Icarus, a film that was executive produced by Spence alumna Maiken Baird ’85, P’24, about the Russian Olympic doping scandal, has won an Academy Award for Best Documentary Feature.
Maiken was in Los Angeles, watching the Oscars with classmate Mitie Tucker ’85 as the envelope for Best Documentary was opened to reveal her film had won.
“I was jumping around the room,” Maiken said. “I’ve never been so happy. I was really, really happy, and I still am. It’s really an amazing experience.”
Maiken got involved in Icarus through producer Dan Cogan, who called her to sell her on the movie. They met in Brooklyn, and Maiken watched a rough cut of the documentary, which impressed her.
“Where do I sign?” Maiken recalled saying without hesitation.
In addition to the investment in the movie, Maiken—who is a producer and director herself—was also involved creatively; she was sent the cuts from the editing suite and she and Cogan provided feedback to the director of the film, Bryan Fogel.
The documentary, which premiered at Sundance and is distributed by Netflix, started as an experiment in which Fogel takes performance-enhancing drugs and sees if he can go undetected in drug-testing. However, the movie takes a turn after the Russian scientist Fogel has been working with, Dr. Grigory Rodchenkov, then director of Russia’s national anti-doping laboratory, helps expose that Russia has a state-sponsored Olympic doping program. Rodchenkov admits that in the 2014 Sochi Olympics, he and his team helped replace Russian athletes’ tainted urine with clean samples. Fogel and Rodchenkov go to The New York Times and the World Anti-Doping Agency (WADA) with this information, and eventually WADA confirms the story and Rodchenkov is put in protective custody because of his whistleblower status.
“I think this film will have an enormous impact one way or another on doping in professional sports,” Maiken said. She noted that she thinks the documentary won the Academy Award because of the topical subject and the major discovery that was made while filming.
Through this film, Maiken said she learned more about the vast extent of doping worldwide. She was also reminded of how making documentaries can be more gripping than making fiction films, in that each person on the team gets fully immersed in tasks and wears many different hats.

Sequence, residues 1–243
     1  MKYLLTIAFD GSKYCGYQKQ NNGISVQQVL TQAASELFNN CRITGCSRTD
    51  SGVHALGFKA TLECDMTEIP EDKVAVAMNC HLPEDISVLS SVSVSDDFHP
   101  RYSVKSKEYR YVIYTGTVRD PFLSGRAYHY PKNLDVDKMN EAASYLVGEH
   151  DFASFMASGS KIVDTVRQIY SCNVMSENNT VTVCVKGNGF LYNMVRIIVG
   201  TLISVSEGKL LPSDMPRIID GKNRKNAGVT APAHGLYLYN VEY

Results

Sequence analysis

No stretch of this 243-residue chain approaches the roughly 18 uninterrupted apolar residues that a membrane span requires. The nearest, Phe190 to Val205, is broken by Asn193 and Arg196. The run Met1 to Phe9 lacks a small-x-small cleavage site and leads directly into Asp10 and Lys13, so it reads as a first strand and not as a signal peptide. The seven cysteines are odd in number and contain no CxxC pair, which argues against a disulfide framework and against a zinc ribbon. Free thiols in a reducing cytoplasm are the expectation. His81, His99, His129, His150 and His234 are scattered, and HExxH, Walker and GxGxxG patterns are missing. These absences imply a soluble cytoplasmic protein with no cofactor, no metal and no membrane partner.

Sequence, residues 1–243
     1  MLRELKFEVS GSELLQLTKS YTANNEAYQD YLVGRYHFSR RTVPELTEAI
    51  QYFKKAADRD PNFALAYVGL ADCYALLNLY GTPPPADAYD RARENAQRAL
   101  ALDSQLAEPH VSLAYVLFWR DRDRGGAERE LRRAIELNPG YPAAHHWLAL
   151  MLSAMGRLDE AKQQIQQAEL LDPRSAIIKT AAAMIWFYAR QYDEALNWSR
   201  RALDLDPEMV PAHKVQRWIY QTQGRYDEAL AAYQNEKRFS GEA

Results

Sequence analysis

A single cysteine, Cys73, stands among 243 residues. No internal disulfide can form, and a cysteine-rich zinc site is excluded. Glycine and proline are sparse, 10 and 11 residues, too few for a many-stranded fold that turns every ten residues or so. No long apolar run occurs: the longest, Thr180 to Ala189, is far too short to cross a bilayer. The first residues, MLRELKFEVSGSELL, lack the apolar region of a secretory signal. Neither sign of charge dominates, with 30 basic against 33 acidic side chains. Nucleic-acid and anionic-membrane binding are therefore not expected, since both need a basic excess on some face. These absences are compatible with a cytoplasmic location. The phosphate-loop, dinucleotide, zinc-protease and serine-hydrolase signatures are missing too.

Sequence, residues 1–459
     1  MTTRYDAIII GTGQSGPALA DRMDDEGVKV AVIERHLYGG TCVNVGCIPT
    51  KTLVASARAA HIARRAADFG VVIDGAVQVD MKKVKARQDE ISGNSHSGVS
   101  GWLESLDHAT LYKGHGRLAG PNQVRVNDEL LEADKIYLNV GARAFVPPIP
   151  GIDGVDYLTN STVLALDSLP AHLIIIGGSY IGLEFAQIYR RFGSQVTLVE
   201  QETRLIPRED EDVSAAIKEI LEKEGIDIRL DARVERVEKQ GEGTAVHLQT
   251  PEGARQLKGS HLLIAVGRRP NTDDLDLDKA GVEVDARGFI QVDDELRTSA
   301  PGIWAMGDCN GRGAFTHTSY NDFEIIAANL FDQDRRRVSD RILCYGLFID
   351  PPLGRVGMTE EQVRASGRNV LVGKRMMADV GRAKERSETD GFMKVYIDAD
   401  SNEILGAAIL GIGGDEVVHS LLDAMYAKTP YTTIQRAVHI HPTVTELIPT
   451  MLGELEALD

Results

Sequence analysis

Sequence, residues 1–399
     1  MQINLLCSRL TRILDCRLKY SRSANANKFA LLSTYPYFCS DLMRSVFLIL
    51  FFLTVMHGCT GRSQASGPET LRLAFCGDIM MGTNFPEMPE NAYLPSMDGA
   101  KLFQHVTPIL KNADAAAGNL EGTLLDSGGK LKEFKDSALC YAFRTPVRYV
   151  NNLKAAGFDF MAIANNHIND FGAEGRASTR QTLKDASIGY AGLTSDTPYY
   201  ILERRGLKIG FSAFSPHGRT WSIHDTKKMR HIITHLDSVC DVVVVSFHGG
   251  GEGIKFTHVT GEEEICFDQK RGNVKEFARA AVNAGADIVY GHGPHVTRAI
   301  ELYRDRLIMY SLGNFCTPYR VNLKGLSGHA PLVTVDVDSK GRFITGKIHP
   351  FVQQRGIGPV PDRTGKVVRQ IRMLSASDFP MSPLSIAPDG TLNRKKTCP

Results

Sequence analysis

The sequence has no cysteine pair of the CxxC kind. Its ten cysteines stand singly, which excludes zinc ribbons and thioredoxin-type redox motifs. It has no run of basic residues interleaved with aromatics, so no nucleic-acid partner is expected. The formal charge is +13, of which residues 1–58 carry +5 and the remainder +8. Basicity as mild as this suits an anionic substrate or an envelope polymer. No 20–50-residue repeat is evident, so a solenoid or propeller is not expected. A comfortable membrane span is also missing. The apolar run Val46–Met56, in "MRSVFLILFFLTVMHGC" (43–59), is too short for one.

“I also think that documentaries, in a lot of ways, can be more interesting and shocking than fiction—the whole idea of ‘truth is stranger than fiction,’” she said. “If a screenwriter had come up with a plot like what went on in the doping scandal, you’d have a hard time believing it. It made it really exciting to be a part of this project, where real life had almost the pace and stakes of an action thriller.”
After Maiken graduated from Spence, she earned her bachelor’s degree in political science from Columbia University and her master’s in international relations and political science. Before turning to the film industry, she worked at the United Nations in New York, the European Union in Brussels and the Royal Institute of International Affairs in London. Maiken said she believes her degrees and experience in international relations guided her to be interested in the world and its stories. Rather than work in a bureaucracy, she decided she wanted to work with films that could teach people about something interesting in the world that they didn’t know about before.
In addition to Icarus, Maiken also executive produced City of Ghosts, a documentary about Syrian journalists who report on ISIS; this film was shortlisted for an Academy Award in 2017 as well and premiered at Sundance. Maiken also directed and produced a documentary called Venus and Serena, which followed the tennis stars for nine months in 2011, and she also produced Client 9: The Rise and Fall of Eliot Spitzer, another Academy Award-shortlisted movie. Maiken was also instrumental in creating The Spence School’s 125th anniversary film in 2017, honoring the legacy of her alma mater. One of the movies she is working on now is an untitled project on Roger Ailes and the birth of Fox News.
“I want to make interesting films that expose audiences—and myself—to the stories that shape our world and our history, and that help us understand the people behind these stories—what motivates them,” Maiken said. “That’s why I do what I do, but the truth is, winning an Oscar is also just freaking amazing.”